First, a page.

You probably knew that the U.S. has the highest top statutory corporate-tax rate in the world (an honor it’s held for three years running – it used to be just barely topped by Japan). But you may not have known that its position has gotten substantially worse relative to its competitors over the past few years, as countries around the world are cutting their corporate-tax rates to increase competitiveness, even in an age of austerity.
Here’s a chart showing the top corporate rate in some of the world’s largest wealthy economies, with the U.S. in the stratosphere in light blue:
The chart comes from Brian Williams of the Motley Fool, a personal-finance website. The top statutory federal rate in the U.S. is 35 percent, but KPMG, from which the above data is drawn, deems 40 percent the right top rate because it takes into account an average of state corporate taxes.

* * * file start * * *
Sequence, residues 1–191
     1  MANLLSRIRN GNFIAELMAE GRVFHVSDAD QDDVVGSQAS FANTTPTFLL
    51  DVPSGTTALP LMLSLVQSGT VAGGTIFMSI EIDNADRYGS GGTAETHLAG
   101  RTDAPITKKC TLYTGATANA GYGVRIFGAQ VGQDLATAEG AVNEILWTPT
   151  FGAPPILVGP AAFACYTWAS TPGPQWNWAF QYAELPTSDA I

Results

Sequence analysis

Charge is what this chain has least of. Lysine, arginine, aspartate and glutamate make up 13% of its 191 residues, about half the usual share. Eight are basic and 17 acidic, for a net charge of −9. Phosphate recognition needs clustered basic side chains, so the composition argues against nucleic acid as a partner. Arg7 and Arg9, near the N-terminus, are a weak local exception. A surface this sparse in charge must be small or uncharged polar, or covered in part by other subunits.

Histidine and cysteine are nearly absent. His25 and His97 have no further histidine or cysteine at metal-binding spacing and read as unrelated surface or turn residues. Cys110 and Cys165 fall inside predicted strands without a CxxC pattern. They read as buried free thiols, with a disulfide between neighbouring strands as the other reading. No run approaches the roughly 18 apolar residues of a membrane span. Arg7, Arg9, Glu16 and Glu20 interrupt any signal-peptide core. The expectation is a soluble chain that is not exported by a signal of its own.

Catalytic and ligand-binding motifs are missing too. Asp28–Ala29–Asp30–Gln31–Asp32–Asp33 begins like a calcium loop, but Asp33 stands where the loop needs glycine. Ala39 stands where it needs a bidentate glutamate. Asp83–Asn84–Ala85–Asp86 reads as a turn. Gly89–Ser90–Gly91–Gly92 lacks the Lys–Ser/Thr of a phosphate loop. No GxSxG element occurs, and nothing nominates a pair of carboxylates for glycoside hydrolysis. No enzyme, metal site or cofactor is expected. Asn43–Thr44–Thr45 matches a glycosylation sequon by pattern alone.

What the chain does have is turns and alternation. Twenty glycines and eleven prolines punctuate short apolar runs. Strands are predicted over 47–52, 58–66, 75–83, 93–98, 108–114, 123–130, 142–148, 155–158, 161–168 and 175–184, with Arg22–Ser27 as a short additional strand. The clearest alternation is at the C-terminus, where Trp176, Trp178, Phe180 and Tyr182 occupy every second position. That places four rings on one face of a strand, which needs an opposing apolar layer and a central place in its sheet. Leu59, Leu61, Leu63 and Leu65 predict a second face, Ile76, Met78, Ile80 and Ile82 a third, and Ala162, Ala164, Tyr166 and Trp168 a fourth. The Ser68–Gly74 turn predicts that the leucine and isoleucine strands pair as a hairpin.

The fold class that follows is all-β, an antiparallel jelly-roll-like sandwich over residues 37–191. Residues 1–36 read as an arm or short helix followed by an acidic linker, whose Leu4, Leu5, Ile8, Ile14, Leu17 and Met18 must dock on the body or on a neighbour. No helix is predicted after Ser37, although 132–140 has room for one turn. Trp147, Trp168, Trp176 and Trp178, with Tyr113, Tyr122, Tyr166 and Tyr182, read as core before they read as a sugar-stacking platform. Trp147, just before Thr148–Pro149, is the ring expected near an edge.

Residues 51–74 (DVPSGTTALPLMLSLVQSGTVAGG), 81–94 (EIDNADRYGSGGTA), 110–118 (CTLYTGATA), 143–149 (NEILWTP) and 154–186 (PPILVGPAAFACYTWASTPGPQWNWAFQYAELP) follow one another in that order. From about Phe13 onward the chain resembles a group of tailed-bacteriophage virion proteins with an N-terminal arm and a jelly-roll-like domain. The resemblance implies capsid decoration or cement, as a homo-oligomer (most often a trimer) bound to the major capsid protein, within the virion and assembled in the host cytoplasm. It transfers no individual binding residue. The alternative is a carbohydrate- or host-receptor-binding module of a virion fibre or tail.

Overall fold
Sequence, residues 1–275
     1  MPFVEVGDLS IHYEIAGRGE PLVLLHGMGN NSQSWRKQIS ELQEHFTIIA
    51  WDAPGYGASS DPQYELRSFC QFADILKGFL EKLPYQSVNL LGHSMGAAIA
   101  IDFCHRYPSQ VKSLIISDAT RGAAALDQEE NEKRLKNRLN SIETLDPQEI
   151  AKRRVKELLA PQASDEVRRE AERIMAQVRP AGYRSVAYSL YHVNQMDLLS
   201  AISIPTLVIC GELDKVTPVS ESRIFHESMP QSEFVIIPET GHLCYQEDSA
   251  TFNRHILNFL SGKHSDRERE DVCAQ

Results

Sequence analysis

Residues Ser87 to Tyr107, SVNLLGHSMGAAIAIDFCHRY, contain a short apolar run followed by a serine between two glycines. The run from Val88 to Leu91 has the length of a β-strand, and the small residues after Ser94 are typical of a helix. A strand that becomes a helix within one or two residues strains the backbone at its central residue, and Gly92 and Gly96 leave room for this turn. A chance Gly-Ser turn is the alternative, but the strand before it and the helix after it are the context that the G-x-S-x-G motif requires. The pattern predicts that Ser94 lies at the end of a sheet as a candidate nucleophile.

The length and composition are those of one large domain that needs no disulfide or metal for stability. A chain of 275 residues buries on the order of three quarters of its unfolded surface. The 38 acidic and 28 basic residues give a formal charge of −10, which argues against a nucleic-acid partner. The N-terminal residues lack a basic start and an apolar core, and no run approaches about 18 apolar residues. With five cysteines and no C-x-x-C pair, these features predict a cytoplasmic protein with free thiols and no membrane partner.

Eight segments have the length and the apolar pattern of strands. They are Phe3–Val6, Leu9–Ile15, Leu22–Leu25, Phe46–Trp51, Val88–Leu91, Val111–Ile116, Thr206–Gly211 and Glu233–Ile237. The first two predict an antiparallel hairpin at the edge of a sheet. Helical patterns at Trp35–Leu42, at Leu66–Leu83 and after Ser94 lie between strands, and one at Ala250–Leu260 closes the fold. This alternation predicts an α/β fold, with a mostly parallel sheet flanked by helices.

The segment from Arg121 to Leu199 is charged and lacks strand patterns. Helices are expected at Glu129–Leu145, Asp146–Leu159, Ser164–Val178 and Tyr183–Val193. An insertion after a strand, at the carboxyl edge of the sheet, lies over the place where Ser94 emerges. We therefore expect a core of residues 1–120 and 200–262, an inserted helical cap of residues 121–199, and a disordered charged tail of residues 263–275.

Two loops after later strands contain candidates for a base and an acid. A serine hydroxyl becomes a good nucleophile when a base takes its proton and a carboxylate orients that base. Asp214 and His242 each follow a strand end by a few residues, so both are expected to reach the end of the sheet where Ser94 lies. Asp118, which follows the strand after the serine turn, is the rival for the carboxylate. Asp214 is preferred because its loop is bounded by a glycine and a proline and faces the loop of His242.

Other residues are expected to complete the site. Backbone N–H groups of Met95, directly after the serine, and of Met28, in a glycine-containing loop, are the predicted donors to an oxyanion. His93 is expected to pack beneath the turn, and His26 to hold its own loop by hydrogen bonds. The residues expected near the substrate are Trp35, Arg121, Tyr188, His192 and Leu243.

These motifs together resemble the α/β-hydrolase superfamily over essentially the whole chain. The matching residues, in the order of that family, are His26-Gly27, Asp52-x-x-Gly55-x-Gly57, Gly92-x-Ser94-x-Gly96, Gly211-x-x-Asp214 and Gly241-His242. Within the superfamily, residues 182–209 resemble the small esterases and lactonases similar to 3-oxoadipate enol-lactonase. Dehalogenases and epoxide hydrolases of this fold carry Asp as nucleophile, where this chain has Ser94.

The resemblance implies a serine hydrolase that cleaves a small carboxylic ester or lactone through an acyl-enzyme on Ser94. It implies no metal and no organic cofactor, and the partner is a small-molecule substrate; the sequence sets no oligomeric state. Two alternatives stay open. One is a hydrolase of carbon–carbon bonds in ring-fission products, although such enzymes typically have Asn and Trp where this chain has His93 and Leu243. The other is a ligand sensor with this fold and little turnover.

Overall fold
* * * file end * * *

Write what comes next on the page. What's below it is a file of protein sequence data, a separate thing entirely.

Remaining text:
The above chart is about to get worse, too: Japan, America’s closest competitor in the race for the highest corporate rate, is planning to cut its corporate rate again as part of Prime Minsiter Shinzo Abe’s “Abenomics” reform package, bringing the rate below 30 percent.
Japan is pursuing a growth-oriented package of reforms but also has huge deficits to worry about — as do a number of other countries on the above chart.
Few American corporations, of course, pay anything like a 40 percent corporate-tax rate — though as one example, large financial-services companies often do — because of the huge tax preferences embedded in the corporate tax code. (Here’s a breakdown from the New York Times of effective rates paid by various companies and industries.) With an exceptionally high rate, the U.S. corporate tax garners a whopping 9 or 10 percent of the federal government’s revenue every year.